Norman Baker: The Government are committed to supporting the uptake of electric vehicles in the UK. The Secretary of State has recently announced provision of over £400 million to support measures promoting their use and which will be used for consumer incentives, open to all consumers including local authorities, infrastructure and research and development.
Coventry is part of a Midlands bid for funding under the second wave of the Government’s Plugged-In Places scheme. The winning bids will be announced shortly.
Under the Government funded Low Carbon Vehicle Public Procurement Programme, over 285 vehicles (85 cars and 200 vans) will be bought for use in public fleets of these 41 vans and four cars are for use in the Coventry area.
The Clean Vehicles Directive (2009/33/EC) requires public authorities and utilities to take into account the environmental impacts, when procuring road vehicles. Guidance on this Directive will be issued to all local authorities.
Motor Vehicles: Exhaust Emissions
Justin Tomlinson: To ask the Secretary of State for Transport what steps he is taking to encourage uptake of low-emission vehicles. 
Norman Baker: The spending review announced provision of over £400 million for measures promoting the uptake of ultra-low emission vehicle technologies. These measures include:
Support for consumer incentives for electric and other ultra-low emission cars throughout the life of this Parliament. The Secretary of State for Transport has already announced details of the Plug-In Car Grant, which will reduce the upfront cost of eligible cars by 25%, capped at £5,000. Available across the UK, the scheme will be open to both private consumers and business buyers. We will continue to monitor the most effective way to deliver support for consumer incentives, with the first review of the Plug-In Car Grant taking place in 2012.
Continued investment in electric vehicle recharging infrastructure through the ‘Plugged-in Places’ scheme. The Government are committed to mandating a national recharging network for electric and plug-in hybrid vehicles. Data derived from the Plugged-in Places programme will inform the design of a national network.
Further investment in research and development activities supporting this next generation of vehicle technologies.
We regard promotion of low-emission vehicles as important to achieve our carbon-reduction targets.
Electric Vehicles: Retail Trade
Stephen Phillips: To ask the Secretary of State for Transport what discussions he has had with distribution network operators on the provision of electricity to retail outlets providing charging points for electric cars.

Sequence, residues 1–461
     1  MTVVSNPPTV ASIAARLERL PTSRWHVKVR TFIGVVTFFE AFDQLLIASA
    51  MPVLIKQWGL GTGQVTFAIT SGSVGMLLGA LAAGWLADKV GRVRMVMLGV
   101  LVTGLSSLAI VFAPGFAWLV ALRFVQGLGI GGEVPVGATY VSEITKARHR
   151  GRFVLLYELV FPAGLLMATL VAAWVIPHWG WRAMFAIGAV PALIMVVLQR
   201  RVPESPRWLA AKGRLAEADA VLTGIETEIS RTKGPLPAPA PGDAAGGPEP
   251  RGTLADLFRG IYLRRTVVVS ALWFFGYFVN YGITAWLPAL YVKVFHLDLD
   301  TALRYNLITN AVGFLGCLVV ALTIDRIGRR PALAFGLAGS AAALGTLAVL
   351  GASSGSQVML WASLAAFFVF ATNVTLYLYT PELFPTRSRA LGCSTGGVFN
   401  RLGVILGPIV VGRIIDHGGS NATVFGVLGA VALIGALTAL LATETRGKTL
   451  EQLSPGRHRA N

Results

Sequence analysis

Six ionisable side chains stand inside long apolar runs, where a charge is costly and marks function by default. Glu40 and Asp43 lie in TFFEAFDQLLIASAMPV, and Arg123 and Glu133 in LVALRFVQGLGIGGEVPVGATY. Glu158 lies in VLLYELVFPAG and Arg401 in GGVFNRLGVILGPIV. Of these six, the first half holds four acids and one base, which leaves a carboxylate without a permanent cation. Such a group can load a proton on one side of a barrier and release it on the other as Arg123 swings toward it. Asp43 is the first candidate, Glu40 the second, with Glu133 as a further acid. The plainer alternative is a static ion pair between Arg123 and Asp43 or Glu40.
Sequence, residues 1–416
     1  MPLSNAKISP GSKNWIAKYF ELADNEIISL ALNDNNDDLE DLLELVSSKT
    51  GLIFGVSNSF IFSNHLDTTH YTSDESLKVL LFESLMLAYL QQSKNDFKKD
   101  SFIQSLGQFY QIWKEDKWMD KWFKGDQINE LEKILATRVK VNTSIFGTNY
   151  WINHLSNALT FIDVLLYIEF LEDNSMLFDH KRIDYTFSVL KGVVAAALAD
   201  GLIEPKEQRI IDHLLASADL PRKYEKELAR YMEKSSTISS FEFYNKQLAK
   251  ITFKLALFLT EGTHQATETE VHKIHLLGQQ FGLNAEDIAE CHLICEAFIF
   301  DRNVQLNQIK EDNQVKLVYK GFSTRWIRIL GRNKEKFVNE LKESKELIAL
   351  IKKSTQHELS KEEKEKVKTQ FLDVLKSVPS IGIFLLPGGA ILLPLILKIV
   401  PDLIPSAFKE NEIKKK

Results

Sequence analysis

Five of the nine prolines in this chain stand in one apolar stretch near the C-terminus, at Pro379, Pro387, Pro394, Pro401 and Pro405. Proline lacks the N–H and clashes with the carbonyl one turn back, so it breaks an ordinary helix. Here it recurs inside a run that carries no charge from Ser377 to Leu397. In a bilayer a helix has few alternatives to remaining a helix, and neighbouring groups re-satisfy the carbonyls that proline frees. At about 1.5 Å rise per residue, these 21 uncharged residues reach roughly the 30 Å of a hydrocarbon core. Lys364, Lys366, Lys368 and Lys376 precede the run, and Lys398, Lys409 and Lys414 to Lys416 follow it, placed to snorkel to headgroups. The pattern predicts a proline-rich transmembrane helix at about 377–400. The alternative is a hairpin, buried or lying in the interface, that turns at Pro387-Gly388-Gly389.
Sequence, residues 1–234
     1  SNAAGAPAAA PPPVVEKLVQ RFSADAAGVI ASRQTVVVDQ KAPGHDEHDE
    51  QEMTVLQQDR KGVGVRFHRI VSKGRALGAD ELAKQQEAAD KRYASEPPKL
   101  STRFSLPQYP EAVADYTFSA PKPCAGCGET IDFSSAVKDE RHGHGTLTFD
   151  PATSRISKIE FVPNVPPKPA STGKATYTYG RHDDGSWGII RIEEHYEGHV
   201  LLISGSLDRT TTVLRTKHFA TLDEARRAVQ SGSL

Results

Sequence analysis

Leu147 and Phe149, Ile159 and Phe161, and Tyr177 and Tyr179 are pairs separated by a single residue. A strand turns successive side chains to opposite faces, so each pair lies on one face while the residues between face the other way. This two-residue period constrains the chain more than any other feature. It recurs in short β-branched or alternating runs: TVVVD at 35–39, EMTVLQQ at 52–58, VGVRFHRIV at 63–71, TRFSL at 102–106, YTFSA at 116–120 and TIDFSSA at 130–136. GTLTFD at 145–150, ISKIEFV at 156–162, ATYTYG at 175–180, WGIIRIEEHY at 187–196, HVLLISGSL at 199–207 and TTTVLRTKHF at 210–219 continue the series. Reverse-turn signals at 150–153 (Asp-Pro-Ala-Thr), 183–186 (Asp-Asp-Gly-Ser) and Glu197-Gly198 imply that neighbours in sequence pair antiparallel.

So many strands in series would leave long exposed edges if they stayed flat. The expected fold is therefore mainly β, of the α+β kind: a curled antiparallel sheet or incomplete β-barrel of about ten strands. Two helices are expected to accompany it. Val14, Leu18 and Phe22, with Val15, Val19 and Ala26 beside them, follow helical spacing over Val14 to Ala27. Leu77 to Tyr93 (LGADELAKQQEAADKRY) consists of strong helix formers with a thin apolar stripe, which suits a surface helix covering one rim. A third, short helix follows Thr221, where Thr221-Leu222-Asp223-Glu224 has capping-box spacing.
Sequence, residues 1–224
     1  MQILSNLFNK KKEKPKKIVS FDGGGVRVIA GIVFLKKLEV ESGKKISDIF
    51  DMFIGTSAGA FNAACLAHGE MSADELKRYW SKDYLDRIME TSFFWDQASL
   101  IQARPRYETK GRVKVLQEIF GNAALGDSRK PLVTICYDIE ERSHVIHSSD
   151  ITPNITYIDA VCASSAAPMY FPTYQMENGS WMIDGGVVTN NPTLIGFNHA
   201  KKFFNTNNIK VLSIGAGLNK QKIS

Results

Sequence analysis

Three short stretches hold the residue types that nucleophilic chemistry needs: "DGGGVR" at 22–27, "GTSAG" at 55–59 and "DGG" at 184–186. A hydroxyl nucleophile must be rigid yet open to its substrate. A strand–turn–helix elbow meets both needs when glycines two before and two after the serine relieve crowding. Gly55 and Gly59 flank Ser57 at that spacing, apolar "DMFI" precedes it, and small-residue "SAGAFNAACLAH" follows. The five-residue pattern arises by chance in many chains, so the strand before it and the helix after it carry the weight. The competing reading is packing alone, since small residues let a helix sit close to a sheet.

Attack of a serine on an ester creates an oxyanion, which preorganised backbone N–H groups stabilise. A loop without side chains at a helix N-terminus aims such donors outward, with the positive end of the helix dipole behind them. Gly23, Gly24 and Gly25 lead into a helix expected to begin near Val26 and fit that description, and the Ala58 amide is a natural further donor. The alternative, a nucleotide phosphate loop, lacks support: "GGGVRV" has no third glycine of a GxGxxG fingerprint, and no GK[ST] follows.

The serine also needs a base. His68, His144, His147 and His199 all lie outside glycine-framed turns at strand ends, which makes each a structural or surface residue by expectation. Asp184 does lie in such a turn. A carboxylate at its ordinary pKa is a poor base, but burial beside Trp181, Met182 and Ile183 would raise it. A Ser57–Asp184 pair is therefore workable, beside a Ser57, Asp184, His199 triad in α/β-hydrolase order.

Norman Baker: Officials from the Office for Low Emission Vehicles have met with distribution network operators (DNOs) as part of the Plugged-In Places scheme and will continue to do so as the Government develops their strategy for the installation of electric vehicle infrastructure. The Plugged-In Places scheme offers match-funding to support the cost of installing a critical mass of electric vehicle charging infrastructure in lead places across the UK; at home, at work, in public areas (such as car parks or on street) and at retail sites.
PACTS comments: This week the Department for Transport announced details of eco-friendly car grants, which will be available from 1st January 2011. As PACTS commented in November, the impact on safety of a vehicle fleet which includes more electric vehicles has yet to be seen. While electric vehicles could be lighter and safer for vulnerable road users such as pedestrians and cyclists, we must also consider the danger of nearly-silent vehicles and the possibility of electric vehicle drivers becoming vulnerable road users themselves.
PACTS will discuss this issue with experts at its Vehicle Design Working Party in January.
Other Written Answers:
Cycling: Greater London
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Norman Baker: I welcome the positive impact that the cycle hire scheme has had on journey patterns in central London and the environmental benefits that have accrued. However, I do not intend to issue guidance to local authorities. It is a matter for local authorities to decide whether to introduce a cycle hire scheme in their local area taking into account issues such as their current levels of cycling, cycling infrastructure, current patterns of public transport use and other factors.
Mike Penning: Although there are no requirements to have or use a bell on a bicycle while it is in use, bells must by law be supplied with all new bicycles at the point of sale. In addition, rule 66 of the Highway Code recommends the fitting and use of cycle bells. Failure to observe any of the code’s provisions may be used in evidence at legal proceedings.
Matthew Hancock: To ask the Secretary of State for Transport pursuant to the answer of 2 December 2010,Official Report, column 920W, if he will estimate the average number of (a) fatalities, (b) injuries and (c)personal injury road accidents per mile of the A1307 between the A143 Wratting Road, Haverhill junction and the A603 Lensfield Road, Cambridge junction in each year since 1996. 
Mike Penning: The estimated rate of (a) fatalities, (b) injuries and (c) personal injury road accidents per mile on the 18 mile stretch of road on the A1307 between the A143 Wratting Road Haverhill junction and the A603 Lensfield Road Cambridge junction in each year since 1996 is given in the following table:
rate per mile
|(1) Serious and slight injuries|
Roads: Snow and Ice
Tom Blenkinsop: To ask the Secretary of State for Transport if he will estimate the amount spent by the Highways Agency on (a) grit, (b) salt and (c) potash from (i) domestic and (ii) overseas producers in each of the last five years. 
Mike Penning: Grit and potash are not used for routine winter service on Highways Agency roads, generally referred to as the strategic road network.